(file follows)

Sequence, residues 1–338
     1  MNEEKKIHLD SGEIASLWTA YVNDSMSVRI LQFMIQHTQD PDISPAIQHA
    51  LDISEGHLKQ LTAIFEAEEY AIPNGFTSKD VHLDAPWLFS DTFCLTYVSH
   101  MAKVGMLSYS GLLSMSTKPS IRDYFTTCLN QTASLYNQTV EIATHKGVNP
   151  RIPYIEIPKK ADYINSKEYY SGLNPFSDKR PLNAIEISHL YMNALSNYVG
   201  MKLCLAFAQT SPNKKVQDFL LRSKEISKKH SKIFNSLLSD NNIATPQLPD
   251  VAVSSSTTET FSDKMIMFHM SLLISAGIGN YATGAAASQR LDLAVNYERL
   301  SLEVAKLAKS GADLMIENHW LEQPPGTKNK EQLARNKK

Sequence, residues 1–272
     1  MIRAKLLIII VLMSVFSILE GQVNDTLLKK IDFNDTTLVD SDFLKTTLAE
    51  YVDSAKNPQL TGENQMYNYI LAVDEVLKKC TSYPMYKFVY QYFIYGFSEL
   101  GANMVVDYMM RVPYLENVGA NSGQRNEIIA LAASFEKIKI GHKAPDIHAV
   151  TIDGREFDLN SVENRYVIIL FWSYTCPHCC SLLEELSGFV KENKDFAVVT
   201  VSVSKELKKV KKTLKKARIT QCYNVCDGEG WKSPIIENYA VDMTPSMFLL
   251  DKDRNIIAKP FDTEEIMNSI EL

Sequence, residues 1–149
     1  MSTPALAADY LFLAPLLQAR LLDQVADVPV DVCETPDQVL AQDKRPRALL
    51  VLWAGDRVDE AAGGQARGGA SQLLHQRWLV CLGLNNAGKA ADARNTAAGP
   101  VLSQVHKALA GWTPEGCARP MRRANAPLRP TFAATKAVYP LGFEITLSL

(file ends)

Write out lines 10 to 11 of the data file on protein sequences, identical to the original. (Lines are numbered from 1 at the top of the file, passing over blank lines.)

     1  MIRAKLLIII VLMSVFSILE GQVNDTLLKK IDFNDTTLVD SDFLKTTLAE
    51  YVDSAKNPQL TGENQMYNYI LAVDEVLKKC TSYPMYKFVY QYFIYGFSEL